Wife Support System By Kathleen Whyman


We’ve got the balance all wrong. Instead of living with our partners, struggling to do everything by ourselves and only seeing each other now and then, we should do it the other way round. We should live together and see them now and then.

Erica knows her suggestion sounds extreme, but when her nanny leaves without notice, she’s extremely desperate. Polly and Louise aren’t convinced, but when circumstances force them to move into Polly’s enormous but run-down house, they have to admit that life’s much easier when the childcare and workload is shared.

At first, communal living seems like the answer to all their prayers – childcare on tap, rotas for cleaning, and someone always available to cook dinner (no more last-minute pizza delivery!). But over time, resentment starts to grow as they judge each other’s parenting styles and bicker over cleaning, cooking and whose turn it is to buy toilet rolls.

And as one woman has her head turned by a handsome colleague, one resorts to spying on her husband and another fights to keep a dark secret, they need each other more than ever. But can Polly, Louise and Erica keep their friendship and relationships strong? Or will their perfect mumtopia fall apart?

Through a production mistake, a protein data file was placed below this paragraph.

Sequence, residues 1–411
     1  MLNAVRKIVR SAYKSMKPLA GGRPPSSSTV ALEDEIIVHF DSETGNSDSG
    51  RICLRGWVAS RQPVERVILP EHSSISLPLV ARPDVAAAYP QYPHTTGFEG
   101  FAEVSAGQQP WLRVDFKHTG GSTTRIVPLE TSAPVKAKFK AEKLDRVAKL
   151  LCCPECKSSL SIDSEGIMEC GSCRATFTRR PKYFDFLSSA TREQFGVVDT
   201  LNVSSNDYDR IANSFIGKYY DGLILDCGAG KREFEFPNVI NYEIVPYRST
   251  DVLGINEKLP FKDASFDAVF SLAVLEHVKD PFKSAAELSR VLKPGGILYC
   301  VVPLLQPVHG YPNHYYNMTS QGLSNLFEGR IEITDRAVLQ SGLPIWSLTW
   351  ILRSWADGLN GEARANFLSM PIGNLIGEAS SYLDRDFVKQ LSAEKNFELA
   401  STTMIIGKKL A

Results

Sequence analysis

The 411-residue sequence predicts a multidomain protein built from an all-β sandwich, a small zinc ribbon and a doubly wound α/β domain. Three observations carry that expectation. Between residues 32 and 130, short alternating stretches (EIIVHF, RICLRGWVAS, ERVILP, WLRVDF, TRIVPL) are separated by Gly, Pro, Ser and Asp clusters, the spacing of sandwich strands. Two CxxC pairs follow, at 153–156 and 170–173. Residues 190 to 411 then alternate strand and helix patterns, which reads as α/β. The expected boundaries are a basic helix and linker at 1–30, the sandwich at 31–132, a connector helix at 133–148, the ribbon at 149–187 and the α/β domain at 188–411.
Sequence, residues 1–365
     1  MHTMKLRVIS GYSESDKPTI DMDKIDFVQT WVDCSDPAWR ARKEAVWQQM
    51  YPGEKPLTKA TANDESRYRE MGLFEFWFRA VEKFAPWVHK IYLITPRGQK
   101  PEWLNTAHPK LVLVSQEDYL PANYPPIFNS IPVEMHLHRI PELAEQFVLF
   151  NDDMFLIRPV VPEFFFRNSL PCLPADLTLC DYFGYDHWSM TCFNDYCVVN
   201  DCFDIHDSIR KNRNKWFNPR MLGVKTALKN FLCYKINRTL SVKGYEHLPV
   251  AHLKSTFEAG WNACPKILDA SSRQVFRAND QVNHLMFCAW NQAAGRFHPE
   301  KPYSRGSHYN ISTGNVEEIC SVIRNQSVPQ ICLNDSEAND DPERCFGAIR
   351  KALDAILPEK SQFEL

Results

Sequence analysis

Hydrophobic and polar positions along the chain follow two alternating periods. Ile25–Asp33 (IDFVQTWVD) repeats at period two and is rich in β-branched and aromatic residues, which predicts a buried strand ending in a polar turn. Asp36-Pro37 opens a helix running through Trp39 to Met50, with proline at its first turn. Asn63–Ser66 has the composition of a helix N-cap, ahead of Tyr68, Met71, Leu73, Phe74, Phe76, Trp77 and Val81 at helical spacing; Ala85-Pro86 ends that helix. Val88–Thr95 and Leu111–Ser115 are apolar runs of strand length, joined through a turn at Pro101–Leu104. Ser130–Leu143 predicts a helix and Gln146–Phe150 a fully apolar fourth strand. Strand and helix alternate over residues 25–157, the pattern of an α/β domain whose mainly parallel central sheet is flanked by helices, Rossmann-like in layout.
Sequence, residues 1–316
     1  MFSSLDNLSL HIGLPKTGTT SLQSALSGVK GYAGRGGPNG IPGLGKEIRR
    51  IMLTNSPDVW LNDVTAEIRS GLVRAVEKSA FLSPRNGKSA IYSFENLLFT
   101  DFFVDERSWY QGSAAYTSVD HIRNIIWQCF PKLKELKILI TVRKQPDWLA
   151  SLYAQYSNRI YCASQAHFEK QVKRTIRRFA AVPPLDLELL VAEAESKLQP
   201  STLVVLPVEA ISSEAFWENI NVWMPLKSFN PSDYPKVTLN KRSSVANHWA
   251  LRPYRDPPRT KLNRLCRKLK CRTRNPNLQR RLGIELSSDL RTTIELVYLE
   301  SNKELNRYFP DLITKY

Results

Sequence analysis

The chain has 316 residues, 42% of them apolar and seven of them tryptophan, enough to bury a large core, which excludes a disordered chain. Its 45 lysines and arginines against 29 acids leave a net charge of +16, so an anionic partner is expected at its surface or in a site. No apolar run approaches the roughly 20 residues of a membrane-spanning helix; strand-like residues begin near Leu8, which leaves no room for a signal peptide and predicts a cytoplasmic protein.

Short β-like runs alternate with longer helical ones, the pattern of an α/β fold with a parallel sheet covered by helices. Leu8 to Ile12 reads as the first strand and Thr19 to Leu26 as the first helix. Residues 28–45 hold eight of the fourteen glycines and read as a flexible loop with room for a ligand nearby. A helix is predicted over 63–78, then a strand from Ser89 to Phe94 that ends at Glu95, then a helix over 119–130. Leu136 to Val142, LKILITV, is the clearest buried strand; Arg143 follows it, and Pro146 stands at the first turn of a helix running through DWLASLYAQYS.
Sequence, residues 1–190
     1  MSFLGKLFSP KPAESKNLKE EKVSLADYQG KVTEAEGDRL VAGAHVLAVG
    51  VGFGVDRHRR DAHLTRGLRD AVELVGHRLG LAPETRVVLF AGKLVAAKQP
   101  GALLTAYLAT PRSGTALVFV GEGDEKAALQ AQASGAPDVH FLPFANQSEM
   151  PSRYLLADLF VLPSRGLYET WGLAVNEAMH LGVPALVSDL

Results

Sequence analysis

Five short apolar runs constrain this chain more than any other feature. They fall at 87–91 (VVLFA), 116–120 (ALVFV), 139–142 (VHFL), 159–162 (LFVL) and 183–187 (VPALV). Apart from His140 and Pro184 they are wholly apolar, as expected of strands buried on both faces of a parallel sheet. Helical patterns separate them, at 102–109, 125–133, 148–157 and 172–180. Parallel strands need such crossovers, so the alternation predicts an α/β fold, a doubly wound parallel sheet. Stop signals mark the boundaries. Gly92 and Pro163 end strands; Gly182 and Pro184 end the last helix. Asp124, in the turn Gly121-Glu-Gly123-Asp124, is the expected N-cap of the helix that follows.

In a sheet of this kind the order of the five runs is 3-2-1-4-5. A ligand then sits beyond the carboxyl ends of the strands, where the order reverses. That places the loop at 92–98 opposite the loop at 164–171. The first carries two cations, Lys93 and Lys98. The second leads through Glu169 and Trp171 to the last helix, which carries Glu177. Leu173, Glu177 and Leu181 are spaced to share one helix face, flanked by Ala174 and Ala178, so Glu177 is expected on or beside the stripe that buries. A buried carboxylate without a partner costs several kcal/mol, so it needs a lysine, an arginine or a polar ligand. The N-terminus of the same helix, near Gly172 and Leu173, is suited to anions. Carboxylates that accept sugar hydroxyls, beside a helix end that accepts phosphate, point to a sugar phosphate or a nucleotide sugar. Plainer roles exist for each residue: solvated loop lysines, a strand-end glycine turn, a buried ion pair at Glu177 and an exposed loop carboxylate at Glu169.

PUB DATE: 29 JULY, 2020.


Three wives and five kids, all from different backgrounds and living together under the same roof, for the first time?

This was bound to be a delightful disaster so I knew this book was a must-read. What caught my attention was the book description, I had to know what happened.

I love the character development of this book because we see how each character grows because of the experiences they share with one another. The author uses multiple POV, this provides insights into every character’s thoughts. This also helps the reader understand each character’s action, we walk in their shoes.

You’re going to hate the actions of the characters sometimes, then you forgive them and go back to loving them.

This book explores a lot of themes, like friendship, love, relationships, marriage, motherhood, self-esteem, bullying etc. It also talks about domestic violence and life after DV.

There were some unexpected twist that I didn’t see coming even if the writer left some hints. Brilliant!

Overall I think the purpose of the book was fulfilled because it questions the essence of friendship. If you are 100% certain that you have a firm grasp of this thing called friendship, you might want to read this book for some revaluation.

Another insight I got from this book is that you don’t have to be perfect to be a good mother, It’s actually not possible to be perfect at motherhood, sometimes you need an extra glass of wine or maybe a really deep breathe, It’s all fine. No one is perfect at this.

Perfection isn’t what makes you a good mother.

There is also a healthy place for vulnerability in every relationship, you have to know when to accept help and when to let others in.

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